Date: March 20
Time: 6:45 pm, one hour after sunset
Place: the western sky
The Vernal Equinox, aka “Spring Equinox,” happens on March 20th this year, but you can observe its effects a few days before or after that date. An Equinox marks the passage of the Sun across the Celestial Equator, an imaginary circle dividing the sky into north and south hemispheres, much like Earth’s geographic Equator divides the globe.
The Celestial Equator runs from the West to East horizon points, tilted at an angle equal to your latitude (the angle labeled Θ in the graphic). The Ecliptic, or path of the sun, is also an imaginary circle in the sky, but it moves in a complex manner. The points where it intersects the western and eastern horizons slide north and south by an amount that depends on your latitude, and changes its tilt by ± 23½° as the seasons go through Spring, Summer, Fall, and Winter. On an Equinox, the Ecliptic coincides with the Celestial Equator.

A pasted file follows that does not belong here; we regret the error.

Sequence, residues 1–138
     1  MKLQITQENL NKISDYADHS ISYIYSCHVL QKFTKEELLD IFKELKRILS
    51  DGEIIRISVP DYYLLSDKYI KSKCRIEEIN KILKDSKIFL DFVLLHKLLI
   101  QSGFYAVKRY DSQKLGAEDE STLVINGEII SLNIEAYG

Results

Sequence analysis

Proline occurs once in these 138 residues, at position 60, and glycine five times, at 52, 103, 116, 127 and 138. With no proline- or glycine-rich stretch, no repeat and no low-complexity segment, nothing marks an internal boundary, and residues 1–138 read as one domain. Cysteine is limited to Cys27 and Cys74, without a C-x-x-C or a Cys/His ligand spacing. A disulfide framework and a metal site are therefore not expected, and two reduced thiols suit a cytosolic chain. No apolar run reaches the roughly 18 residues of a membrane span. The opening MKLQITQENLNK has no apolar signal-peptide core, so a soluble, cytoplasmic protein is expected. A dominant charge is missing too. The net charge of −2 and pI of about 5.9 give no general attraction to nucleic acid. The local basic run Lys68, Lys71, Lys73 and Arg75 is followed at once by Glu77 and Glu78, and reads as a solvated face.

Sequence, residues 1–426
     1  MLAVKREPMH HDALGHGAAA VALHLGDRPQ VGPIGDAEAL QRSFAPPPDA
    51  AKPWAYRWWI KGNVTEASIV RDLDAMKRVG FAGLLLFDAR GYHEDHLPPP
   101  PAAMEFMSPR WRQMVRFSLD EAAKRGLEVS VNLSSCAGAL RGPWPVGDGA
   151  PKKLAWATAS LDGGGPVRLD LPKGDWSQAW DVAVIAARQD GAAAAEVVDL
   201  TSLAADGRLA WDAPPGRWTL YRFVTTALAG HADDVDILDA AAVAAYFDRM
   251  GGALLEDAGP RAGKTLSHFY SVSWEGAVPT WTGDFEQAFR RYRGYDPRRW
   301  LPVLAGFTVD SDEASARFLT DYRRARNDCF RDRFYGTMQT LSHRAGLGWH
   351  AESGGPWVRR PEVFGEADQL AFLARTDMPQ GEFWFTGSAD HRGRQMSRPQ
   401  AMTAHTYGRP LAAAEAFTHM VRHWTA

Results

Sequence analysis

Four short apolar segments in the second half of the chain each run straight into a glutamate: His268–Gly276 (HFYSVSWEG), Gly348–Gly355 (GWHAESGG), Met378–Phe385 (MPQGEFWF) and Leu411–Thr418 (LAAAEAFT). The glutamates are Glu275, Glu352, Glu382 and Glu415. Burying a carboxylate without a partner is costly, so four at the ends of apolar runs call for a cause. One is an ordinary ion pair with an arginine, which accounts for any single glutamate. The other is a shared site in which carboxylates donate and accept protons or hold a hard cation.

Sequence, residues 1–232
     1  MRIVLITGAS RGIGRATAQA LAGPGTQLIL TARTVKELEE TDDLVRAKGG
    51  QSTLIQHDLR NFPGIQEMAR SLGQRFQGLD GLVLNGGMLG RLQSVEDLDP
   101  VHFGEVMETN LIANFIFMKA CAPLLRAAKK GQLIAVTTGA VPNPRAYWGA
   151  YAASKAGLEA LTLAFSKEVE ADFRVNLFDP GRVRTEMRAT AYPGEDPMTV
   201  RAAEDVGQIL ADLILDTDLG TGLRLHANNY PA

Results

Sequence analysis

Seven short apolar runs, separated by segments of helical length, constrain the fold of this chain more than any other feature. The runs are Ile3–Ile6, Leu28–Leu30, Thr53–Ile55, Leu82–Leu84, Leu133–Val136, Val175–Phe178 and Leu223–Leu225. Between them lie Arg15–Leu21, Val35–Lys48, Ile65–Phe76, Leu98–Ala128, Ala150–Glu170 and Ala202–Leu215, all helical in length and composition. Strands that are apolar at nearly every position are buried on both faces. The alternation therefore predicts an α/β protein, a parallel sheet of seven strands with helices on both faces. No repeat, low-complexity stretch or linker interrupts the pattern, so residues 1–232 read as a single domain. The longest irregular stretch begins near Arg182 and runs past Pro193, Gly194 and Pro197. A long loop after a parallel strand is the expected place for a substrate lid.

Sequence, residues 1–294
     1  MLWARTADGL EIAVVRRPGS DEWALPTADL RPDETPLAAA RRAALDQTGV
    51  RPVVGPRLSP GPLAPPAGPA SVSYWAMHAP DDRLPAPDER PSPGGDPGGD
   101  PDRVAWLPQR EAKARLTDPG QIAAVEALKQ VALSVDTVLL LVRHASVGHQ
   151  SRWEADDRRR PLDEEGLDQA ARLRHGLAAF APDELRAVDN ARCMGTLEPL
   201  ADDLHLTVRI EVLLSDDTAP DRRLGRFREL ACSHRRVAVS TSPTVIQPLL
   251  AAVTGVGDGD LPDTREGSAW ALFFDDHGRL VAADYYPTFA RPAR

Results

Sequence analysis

There’s also an Autumnal Equinox, aka “Fall Equinox,” in late September. On an Equinox, the Sun will set and rise exactly due west and due east. An Equinox marks the change of the seasons. Each day now, the Sun will set (and rise) farther and farther north, resulting in longer days, shorter nights, and more direct sunlight. This trend reverses on the Summer Solstice (in June), after which the Sun begins its drift back south into Fall and Winter.
With the Sun now rising and setting so near east and west, rush hour commuters may notice how they are often driving directly into the Sun. Major city streets are typically aligned to cardinal directions, east-west and north-south. Traffic accident statistics show a spike at the equinoxes due to glare, so be careful out there.